and to involve additional senses and learning styles.
During this phase
of the learning cycle, you may guide the content of the debrief
by the questions you ask. Hence the same exercise may draw out
different types of learning based on your line of questioning.
For example, if you
do an activity that requires a group to express itself extemporaneously,
your questions around presentation skills will tend to bring
out learning in that arena. If you ask questions about team-building
skills, you’ll bring out learning on teamwork. The key with
questions is to formulate them in light of your learning goals,
and while observing and listening to your students.
Here are some generic
debrief questions that are almost always relevant:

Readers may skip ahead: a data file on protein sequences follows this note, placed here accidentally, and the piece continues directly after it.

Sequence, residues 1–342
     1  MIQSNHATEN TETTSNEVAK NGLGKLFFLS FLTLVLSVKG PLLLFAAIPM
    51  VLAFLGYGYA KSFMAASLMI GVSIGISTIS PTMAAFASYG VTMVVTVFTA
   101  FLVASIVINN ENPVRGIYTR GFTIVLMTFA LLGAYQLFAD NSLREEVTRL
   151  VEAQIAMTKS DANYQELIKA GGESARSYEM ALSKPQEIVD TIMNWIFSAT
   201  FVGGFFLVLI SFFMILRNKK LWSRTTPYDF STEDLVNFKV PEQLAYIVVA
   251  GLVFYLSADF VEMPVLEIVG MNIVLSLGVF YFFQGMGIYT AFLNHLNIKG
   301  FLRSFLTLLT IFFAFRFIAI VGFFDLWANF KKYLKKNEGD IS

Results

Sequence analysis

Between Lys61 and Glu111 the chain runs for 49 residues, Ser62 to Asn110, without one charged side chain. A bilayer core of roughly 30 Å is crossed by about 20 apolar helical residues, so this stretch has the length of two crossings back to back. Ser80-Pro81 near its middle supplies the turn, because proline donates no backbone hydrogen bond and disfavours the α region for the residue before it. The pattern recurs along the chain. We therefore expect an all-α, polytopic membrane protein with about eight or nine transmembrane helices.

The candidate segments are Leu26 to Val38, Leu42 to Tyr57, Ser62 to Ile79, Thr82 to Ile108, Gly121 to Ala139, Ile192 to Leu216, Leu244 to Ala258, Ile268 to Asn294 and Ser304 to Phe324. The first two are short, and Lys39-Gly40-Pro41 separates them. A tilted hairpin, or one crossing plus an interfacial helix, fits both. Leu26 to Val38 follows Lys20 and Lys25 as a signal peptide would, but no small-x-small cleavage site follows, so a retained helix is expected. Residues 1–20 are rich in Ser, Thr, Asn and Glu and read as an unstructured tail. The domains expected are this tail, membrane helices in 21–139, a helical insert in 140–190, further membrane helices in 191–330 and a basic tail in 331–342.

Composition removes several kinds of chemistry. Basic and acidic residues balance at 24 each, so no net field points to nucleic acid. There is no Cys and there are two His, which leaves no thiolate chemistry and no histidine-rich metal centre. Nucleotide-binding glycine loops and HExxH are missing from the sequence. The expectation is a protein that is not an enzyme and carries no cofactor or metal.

Ø What did you notice about this experience?
Ø How did you feel about it?
Ø Did you notice any familiar behavioral patterns, in
yourself or the group?
Ø What did you notice about your (presentation, teamwork,
communication, problem-solving, etc.) skills?
Ø Where else in your life do you see this pattern?
Ø How would you approach this exercise if you had it
to do over again?
By having one reflect
on an experience that challenged their comfort zone, individuals
may have the opportunity to integrate new knowledge or reshape
existent perceptions. This is the basis for accelerating and
promoting change in a person’s life.
3) Generalize. This
is about making meaning from the insights gained through the
experience by generalizing it to similar life experiences. This
is where you can lead a discussion in the typical learning “content”
while seeking to draw information and applications from the